Our goal was to examine how post-void residual urine volume relates to urinary symptoms in patients with multiple sclerosis.Materials and Methods:
We retrospectively reviewed the records of patients with multiple sclerosis who had lower urinary tract symptoms and presented to a tertiary neurourology clinic. Patients for whom post-void residual volume was recorded at the initial urological assessment were included in our analysis. Results of the AUA (American Urological Association) SI (Symptom Index) and the M-ISI (Michigan Incontinence Symptom Index) completed at this visit were analyzed to assess the severity of lower urinary tract symptoms and incontinence. A chart review was performed to obtain information on demographics and documented urinary tract infections.Results:
Between 2014 and 2017, 110 patients diagnosed with multiple sclerosis underwent post-void residual volume measurement at our clinic. Average post-void residual volume was 123.4 cc (range 0 to 650 cc). The mean AUA symptom score was 19.1 with an average bother score of 4.1. Analysis of post-void residual volume as a continuous variable did not show an association between increasing post-void residual volume and an increasing AUA SI or bother score (p = 0.53 and 0.44, respectively). When evaluated by post-void residual volume tertile, no relationship was found between post-void residual volume, and the AUA SI and the M-ISI (p = 0.54 and 0.57, respectively). No correlation was also found between increasing post-void residual volume and a recent history of recurrent urinary tract infections (p = 0.27).Conclusions:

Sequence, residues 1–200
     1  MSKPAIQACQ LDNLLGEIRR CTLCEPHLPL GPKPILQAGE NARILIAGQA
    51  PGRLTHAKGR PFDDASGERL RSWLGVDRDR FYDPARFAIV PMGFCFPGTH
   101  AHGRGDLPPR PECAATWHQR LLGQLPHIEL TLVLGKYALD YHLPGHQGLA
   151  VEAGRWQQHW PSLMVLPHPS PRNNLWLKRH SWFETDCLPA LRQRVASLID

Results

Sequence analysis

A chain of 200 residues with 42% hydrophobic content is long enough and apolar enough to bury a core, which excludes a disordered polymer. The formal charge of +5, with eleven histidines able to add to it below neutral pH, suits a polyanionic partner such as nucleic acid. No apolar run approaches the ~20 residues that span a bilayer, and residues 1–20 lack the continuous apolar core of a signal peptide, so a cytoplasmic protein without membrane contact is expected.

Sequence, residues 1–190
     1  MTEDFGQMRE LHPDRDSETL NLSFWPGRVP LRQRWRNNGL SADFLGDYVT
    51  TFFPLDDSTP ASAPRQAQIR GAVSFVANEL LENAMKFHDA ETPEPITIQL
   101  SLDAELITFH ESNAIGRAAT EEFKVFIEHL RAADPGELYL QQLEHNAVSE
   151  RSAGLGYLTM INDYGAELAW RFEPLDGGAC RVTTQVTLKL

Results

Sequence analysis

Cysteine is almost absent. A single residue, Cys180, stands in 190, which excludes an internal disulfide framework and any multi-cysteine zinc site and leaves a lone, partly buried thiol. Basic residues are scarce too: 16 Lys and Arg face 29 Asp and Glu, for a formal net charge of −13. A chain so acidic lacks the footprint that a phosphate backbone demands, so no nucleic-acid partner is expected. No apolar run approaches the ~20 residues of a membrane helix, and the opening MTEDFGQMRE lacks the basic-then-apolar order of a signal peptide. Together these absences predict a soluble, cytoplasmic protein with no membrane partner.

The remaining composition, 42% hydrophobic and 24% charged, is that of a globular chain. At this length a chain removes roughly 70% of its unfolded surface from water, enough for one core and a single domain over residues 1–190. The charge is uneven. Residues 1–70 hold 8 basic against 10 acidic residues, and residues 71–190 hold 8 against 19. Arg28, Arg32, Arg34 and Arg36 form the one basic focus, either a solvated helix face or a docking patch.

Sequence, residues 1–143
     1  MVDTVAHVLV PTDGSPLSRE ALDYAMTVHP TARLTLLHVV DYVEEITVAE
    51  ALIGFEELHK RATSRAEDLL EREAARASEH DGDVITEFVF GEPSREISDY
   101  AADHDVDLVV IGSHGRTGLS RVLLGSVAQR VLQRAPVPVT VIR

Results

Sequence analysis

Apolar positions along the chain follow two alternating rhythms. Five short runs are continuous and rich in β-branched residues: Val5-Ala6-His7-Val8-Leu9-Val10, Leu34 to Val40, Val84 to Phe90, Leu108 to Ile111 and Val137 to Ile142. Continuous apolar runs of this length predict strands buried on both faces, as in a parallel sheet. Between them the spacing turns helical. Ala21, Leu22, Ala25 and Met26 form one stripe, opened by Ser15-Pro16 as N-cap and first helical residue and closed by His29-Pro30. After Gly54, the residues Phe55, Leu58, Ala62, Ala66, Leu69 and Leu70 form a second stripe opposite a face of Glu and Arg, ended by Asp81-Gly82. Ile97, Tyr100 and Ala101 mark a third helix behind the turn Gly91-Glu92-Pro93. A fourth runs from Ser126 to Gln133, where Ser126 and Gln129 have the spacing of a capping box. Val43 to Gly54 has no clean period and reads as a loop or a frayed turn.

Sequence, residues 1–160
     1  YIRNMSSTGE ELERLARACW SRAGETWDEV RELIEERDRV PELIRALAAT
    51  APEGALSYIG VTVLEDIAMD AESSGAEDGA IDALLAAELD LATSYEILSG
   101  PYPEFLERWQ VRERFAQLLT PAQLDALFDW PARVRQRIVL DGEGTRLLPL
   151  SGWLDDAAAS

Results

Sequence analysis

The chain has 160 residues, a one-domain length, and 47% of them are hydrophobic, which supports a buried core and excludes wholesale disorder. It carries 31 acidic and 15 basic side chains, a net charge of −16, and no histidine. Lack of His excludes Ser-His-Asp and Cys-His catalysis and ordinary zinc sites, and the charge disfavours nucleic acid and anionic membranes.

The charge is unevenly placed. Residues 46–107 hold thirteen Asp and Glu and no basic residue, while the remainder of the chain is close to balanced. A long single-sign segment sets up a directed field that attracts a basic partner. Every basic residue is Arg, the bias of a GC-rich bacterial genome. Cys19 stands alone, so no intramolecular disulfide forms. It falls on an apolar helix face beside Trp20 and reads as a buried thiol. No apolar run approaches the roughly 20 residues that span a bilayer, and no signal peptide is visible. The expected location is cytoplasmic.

Post-void residual volume was not associated with worsening obstructive lower urinary tract symptoms as assessed by the AUA SI, worsening incontinence as measured by the M-ISI score or an increased risk of recurrent urinary tract infections in select patients with multiple sclerosis and lower urinary tract symptoms.